I wasn’t going to post any creative writing junk on this site, but I had nothing else to say right now since everything is crazy and people are crazy and you’re out of order and I’m out of order and the vending machine is fucking out of order!!! So, here is an excerpt of a story I have been working on. It’s a bit flowery, or something. Read it. Breathe it. Live it. Lament the end of summer. Send cookies.
I can hear the rustle of the reeds outside my bedroom window. The warm breeze sends them into a hazy dance of bent bodies and extended arms. The darkness signals night, but I am too restless to sleep. I snuggle deeper under the bedclothes in search of comfort, my eyelids becoming heavier every inch I delve. I listen intently to the reeds, their music lulling me into a gentle song I know will eventually be my undoing. I try to stare up at the beamed ceiling, its dark cedar creating ominous shapes in the dark, but my eyelids flutter in protest. I turn to look at my bedroom door, painted a faded white and chipping from the summer humidity and the daily lake- watered towels drooping from atop the corner.
The little cottage creaks with adult noises outside my door. The wooden floorboards heavy with grown-up steps making their way to the glassed porch to watch the night sky turn a deeper twilight as the stars reflection bounce upon the lake water or the television declare an evening news program to be concluding for the night. I imagine they are sitting together on the little settee, having their late night drink thankful the kids are finally tired and tucked in for the night. I long to join them, my bare feet padding along the floorboards and snuggling in between them, my head resting on her shoulder, but I dare not move. I know they will not be upset as much as they would be worried. Are you sick? They would ask. Do you have a headache? They would be concerned. My fair skinned body out in the summer sun all day; in the rolling waves tumbling atop the inflated inner tube my brothers and I pranced and jumped day after day. Sunstroke, they would think. Fever, they would fear. Sunburn, they would lament. But no, even in the days when sunscreen was unheard of, they took expert care that my fair skin would not burn hidden furtively under a cotton t-shirt, and my face shaded under a sunhat placed securely on my strawberry blond head. I remained sheltered from swarming mosquitoes, my little body hidden inside the concave of his jacket as we ran along the dusty path during a dusk evening. Saved from myself as I was shuffled hurriedly indoors following an invitation to a young skunk by a singing of ‘here, kitty, kitty, kitty’.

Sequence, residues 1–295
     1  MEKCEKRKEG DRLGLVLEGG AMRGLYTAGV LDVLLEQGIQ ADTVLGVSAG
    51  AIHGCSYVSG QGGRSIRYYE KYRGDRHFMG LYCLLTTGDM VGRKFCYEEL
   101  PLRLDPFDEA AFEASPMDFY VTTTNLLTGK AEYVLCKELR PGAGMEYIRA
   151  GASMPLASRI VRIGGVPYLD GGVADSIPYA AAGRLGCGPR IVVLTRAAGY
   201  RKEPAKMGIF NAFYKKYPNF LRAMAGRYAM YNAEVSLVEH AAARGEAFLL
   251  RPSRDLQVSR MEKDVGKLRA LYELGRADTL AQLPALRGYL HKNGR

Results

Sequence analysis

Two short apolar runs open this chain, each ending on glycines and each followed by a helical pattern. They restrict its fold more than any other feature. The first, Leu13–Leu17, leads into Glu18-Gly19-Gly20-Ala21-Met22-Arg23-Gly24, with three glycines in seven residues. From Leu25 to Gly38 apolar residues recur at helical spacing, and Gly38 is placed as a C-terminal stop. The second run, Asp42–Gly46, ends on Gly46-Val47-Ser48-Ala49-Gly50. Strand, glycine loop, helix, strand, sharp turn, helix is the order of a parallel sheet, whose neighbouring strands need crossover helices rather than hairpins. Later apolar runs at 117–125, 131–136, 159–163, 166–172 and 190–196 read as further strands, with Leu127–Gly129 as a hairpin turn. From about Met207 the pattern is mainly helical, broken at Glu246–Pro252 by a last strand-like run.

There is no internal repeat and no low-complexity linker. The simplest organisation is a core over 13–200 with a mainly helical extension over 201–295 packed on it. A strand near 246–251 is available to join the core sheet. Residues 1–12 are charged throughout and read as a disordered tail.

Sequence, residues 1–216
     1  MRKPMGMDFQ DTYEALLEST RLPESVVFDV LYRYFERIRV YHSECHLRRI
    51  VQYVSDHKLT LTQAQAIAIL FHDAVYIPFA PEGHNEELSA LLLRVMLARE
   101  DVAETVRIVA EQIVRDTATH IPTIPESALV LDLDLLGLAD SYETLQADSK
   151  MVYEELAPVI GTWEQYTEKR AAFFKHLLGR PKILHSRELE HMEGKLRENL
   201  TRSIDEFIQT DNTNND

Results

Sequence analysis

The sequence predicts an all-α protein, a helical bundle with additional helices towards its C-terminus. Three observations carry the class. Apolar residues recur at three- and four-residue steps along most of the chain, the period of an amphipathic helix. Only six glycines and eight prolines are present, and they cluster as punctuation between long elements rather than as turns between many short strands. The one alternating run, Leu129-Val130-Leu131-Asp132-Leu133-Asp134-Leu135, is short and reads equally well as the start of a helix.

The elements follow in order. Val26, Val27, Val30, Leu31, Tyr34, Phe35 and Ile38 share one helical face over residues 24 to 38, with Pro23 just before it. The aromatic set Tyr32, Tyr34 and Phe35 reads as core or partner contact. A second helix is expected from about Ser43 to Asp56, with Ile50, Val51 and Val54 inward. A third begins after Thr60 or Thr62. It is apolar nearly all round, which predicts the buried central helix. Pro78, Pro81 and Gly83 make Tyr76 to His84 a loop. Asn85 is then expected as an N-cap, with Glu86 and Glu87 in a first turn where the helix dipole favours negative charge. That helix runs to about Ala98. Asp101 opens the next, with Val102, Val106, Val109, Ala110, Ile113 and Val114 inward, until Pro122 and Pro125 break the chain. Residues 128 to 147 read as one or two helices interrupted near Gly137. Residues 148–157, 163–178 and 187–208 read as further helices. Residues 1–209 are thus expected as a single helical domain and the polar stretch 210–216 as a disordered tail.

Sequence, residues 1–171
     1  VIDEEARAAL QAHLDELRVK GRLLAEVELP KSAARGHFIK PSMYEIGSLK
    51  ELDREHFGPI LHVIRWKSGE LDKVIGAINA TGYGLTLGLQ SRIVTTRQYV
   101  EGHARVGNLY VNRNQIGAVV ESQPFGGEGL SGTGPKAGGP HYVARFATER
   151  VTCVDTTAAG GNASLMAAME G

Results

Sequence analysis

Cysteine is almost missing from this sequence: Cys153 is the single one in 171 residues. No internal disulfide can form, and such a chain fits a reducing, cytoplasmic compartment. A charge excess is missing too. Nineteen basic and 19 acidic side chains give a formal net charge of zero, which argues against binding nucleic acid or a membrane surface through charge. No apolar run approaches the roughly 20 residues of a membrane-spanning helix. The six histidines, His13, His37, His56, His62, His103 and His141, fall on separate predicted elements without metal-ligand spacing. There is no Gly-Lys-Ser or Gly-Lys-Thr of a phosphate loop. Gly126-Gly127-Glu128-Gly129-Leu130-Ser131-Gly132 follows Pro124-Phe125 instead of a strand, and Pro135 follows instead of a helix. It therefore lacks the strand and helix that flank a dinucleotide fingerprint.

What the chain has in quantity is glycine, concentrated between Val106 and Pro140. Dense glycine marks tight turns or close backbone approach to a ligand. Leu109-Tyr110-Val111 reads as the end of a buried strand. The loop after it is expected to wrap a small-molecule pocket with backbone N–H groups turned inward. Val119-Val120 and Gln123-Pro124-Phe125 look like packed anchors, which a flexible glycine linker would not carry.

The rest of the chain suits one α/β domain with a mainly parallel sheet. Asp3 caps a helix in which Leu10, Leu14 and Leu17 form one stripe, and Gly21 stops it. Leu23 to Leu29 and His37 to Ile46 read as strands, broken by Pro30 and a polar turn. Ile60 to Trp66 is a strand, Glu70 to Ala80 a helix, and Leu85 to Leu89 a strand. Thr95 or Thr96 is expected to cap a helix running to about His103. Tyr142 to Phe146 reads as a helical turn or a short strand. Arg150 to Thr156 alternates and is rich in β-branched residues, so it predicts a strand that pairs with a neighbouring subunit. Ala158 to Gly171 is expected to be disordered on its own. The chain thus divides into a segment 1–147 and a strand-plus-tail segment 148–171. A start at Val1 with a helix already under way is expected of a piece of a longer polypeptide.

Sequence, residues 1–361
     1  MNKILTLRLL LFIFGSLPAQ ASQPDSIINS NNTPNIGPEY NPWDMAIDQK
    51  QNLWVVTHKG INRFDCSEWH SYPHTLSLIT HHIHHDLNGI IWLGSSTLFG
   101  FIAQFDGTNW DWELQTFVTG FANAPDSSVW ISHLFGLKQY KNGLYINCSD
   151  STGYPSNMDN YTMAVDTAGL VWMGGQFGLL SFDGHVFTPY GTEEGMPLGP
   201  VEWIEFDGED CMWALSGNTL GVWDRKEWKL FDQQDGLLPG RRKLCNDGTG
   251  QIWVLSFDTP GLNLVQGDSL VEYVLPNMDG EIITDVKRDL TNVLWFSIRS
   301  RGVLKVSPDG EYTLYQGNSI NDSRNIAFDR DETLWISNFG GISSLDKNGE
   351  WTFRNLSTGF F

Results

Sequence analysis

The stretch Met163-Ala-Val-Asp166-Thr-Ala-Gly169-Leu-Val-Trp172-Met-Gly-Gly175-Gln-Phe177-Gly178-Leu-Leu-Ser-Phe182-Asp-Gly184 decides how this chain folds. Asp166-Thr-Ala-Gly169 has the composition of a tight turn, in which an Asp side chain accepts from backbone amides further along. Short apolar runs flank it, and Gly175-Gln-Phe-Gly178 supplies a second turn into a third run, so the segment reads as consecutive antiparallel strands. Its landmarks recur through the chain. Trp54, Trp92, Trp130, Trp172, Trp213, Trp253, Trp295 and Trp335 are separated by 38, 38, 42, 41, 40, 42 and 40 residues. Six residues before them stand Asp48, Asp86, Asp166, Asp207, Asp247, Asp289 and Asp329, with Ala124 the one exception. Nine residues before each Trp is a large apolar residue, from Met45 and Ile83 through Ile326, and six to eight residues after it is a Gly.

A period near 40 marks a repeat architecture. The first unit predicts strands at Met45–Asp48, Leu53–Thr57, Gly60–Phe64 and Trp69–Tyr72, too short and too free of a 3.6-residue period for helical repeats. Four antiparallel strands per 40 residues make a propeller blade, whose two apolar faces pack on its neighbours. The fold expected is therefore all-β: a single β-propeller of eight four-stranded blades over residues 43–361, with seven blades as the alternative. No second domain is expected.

Fast forward thirty years and I wish I could go back to those long hot summer days. We would walk bare foot along the stones to the path leading us to the dilapidated shed where the bikes were stowed away. We would run down to Lake Ontario, our bathing suits clinging to our bodies, the frigid water sending us into tides of joy and near hypothermia, blissfully unaware of any temperatures cooler than the hot sun beating down upon our necks or the dripping ice cream cones we slurped in an afternoon meant for laundry. I remember being embarrassed that I had been stripped down to my underwear at the local laundry mat waiting for our clothes to wash, but treated to an air hockey game and ice cream at the local variety store as if to make up for the public display of my flowery pink underwear. That was an Ontario summer. Full of water, sand, sun and cool nights with the reeds outside my bedroom window singing me to sleep in the little cottage that held all of us tightly in its embrace for a few short precious weeks.